1916 Cornell (5-3) Lehigh (6-1)[35] Lehigh def. Cornell during season, 5-4 Cornell, Lehigh
1917 none Lehigh (4-0)[36] Stevens Tech (1-3-1) was the only active Northern Division team. Johns Hopkins was the only inactive Southern Division team. Lehigh did not face Stevens. Lehigh, Stevens Tech[37][38]
1918 none Johns Hopkins (3-3-1) none (Stevens Tech (3-1-1) def. Yale in the only Northern Division game.) Johns Hopkins,[5] Stevens Tech[37][38]
1919 Hobart (3-2)[7][39] Johns Hopkins (7-1) none Johns Hopkins[5]
1920 Syracuse (5-3-4) Lehigh (6-2)[40] Lehigh def. Syracuse during season, 4-1 Syracuse, Lehigh[5]
1921 Syracuse (11-3-1) Lehigh (8-1)[41] Lehigh def. Syracuse in post-season playoff game, 3-1 Lehigh[5]
1922 Syracuse (17-0) 3-way tie (division records of 3-1 before scheduled playoff games): Penn (5-8), Johns Hopkins (7-4) & Lehigh (5-5) [records include defaults] During the season Syracuse def. both Penn, 5-1, and Johns Hopkins, 3-1. Also, Penn def. Hopkins, 5-3; Hopkins def. Lehigh, 3-1; and Lehigh def. Penn, 3-1. A Southern Division tie-breaker playoff was arranged with Hopkins to play at Lehigh, and the winner to meet Penn. However, Hopkins defaulted to Lehigh, and Lehigh then refused to play Penn, except in a series. Thus Penn was declared winner of the Southern Division by default.[41] Syracuse, Johns Hopkins[5]
1923 Syracuse (10-3-2) &
Cornell (6-2)
Johns Hopkins (6-2) Army^ (8-1-1) def. Syracuse during season, 3-2. Cornell def. Syracuse during season, 3-1. Johns Hopkins, Army^
1924 Syracuse (13-0-1) Johns Hopkins (7-2) none Syracuse, Johns Hopkins
1925 Syracuse (14-1) Maryland (4-1-1) none Syracuse[5]

* Division champions were selected based on results of intra-division games, difficulty of schedule and number of wins.[42]

  1. Championship or co-championship claims, as published in school media guide, record book or yearbook

In 1917–1919, World War I and the influenza epidemic curtailed lacrosse activity, as many schools eliminated or reduced schedules. Cornell, Harvard and Hobart did not field teams in 1917-1918. Yale and Johns Hopkins sat out 1917 only. Cornell did not return until 1920.

^ Not a USILL member

USILL Championship Tally

In four of the 20 years of the USILL's existence (1907, 1923, 1924, 1925), it was difficult to determine the national champion because the division winners did not play each other.[42] In 1907 and 1924, both division winners claimed championships. In the other two years, Cornell (1923) and Maryland (1925) did not. In the war years of 1917 and 1918, Stevens Tech fielded the only Northern Division team to be active both years. Only one Northern intra-division game was played during that span, thus no Northern Division champion could be declared. However, by virtue of default and one win, the current Stevens Tech record book lists two championships.[37][38]

Team Championships[1] Winning Years (1906–1925)
Johns Hopkins 11 1906, 1907†, 1908, 1909, 1911, 1913, 1915, 1918, 1919, 1923, 1924†
Lehigh 5 1914†, 1916, 1917, 1920, 1921‡
Syracuse 3 1922, 1924†, 1925
Cornell 2 1907†, 1914†
Swarthmore 1 1910
Harvard 1 1912‡

† Co-champion

‡ Won a post-season playoff game for the championship

USILA Champions 1926–1935

In 1926, the USILL disbanded and formed the USILA as an open-membership governing body. In addition to the former league's 12 schools, six others were soon admitted as members. From 1926–1931, the USILA executive board awarded gold medals after each season to the team(s) it selected as the most outstanding in the nation.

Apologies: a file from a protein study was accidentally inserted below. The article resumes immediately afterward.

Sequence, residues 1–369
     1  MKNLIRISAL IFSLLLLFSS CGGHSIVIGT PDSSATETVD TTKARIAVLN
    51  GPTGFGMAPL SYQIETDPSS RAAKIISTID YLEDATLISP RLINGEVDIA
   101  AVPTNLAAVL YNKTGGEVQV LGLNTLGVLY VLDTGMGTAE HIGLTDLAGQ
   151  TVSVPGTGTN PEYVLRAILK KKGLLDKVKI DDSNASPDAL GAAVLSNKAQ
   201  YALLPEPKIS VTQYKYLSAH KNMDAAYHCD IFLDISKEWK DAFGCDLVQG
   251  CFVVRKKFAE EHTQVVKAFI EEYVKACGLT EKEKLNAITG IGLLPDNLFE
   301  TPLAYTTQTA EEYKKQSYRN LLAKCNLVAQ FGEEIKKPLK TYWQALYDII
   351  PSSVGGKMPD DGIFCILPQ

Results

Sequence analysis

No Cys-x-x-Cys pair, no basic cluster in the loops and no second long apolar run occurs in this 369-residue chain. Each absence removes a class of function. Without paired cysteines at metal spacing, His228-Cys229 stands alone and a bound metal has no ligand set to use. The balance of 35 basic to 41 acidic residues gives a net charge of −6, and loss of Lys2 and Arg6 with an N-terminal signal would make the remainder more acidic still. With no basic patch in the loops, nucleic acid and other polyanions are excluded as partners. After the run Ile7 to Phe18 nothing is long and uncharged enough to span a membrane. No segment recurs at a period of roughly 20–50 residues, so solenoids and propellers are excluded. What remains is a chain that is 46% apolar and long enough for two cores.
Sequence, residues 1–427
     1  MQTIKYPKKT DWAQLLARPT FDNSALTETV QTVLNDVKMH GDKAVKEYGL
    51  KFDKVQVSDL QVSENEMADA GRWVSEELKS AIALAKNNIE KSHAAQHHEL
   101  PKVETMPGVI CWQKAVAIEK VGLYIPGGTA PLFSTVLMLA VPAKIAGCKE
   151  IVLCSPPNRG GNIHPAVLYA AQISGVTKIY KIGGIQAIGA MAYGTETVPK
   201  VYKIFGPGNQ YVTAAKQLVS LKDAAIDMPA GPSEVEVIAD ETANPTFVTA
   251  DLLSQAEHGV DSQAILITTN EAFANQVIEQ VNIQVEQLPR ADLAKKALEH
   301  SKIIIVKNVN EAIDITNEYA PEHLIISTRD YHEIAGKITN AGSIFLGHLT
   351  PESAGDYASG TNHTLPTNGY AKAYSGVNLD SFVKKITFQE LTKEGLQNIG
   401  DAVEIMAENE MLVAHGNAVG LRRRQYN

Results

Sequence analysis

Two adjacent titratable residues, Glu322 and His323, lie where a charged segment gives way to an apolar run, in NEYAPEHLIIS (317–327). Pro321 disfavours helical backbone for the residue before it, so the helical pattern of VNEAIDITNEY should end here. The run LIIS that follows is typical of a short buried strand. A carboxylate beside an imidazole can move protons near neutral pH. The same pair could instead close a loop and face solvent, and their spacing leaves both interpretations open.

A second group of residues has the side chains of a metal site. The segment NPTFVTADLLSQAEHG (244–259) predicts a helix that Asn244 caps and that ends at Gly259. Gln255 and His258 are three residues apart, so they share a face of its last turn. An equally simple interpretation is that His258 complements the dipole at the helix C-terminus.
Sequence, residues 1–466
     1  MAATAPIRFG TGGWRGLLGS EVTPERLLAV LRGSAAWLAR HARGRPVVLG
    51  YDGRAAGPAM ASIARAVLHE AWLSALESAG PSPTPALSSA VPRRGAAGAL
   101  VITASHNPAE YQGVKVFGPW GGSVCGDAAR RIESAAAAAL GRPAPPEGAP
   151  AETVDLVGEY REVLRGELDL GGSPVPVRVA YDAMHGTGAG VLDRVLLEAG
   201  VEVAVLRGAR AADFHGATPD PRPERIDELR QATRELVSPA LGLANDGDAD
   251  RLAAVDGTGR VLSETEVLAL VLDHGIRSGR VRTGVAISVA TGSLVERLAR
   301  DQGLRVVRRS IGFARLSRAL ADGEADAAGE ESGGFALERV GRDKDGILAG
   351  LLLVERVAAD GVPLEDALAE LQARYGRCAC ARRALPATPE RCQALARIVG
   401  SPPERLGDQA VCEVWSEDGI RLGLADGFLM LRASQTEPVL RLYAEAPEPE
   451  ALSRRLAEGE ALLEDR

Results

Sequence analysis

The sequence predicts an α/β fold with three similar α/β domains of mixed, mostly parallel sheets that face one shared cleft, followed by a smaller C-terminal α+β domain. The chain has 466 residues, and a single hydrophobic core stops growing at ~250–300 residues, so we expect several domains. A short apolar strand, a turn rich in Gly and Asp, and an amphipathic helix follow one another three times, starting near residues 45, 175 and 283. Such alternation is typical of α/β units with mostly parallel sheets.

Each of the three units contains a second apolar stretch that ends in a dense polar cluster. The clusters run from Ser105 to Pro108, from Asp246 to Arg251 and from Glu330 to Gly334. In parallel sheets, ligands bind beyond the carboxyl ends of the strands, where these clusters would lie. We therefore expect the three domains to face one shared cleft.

Year Champion
1926 Johns Hopkins
1927 Johns Hopkins
1928 Johns Hopkins, Maryland, Navy, Rutgers
1929 Navy, Union College[1][43]
1930 St. John's (MD)
1931 St. John's (MD)
1932† Johns Hopkins†
1933† Johns Hopkins†
1934† Johns Hopkins†
1935† Princeton†

† The USILA did not name champions for the 1932–1935 seasons.[1] The teams listed claim the national championship based on being the leading team in the nation for these years.[1]

USILA Champions 1936–1972

From 1953–1959, all college teams were placed in one of three divisions, dependent upon their records, schedules, and success for the preceding five years, and a point system was created. Teams were required to play at least six games against teams in their own divisions. Teams were realigned every three years.[7]
Year Division I Champion Division II Champion Division III Champion
Cyrus Miller Trophy Laurie Cox Trophy Roy Taylor Trophy
1953 Princeton Swarthmore Stevens Tech
1954 Navy Syracuse, Washington College Union
1955 Maryland Hofstra, Rutgers New Hampshire
1956 Maryland University of Baltimore Colgate
1957 Johns Hopkins Univ. of Baltimore Colgate
1958 Army Univ. of Baltimore M.I.T., Dickinson
1959 Johns Hopkins, Maryland, Army Univ. of Baltimore M.I.T., Lehigh

Intercollegiate Championship Claims, 1881–1935

In all years it existed (1882–1905), the ILA consisted of 3 to 5 teams, with league championships dominated by a few schools. Likewise, the USIULL had only 3 or 4 teams during 1899–1905, with only Cornell's 1903 league title claimed in the present as a championship. Several schools have claimed their Northern and Southern Division titles won during the USILL years as national championships (based on the results of 3 or 4 intra-division games), while others have not. Still others were acclaimed in their time as unofficial title winners based on being leading teams in the collegiate ranks in particular years. Non-league members were ineligible for official title consideration before 1926. The USILA awarded gold medals to leading teams from 1926–1931, but made no selections from 1932–1935.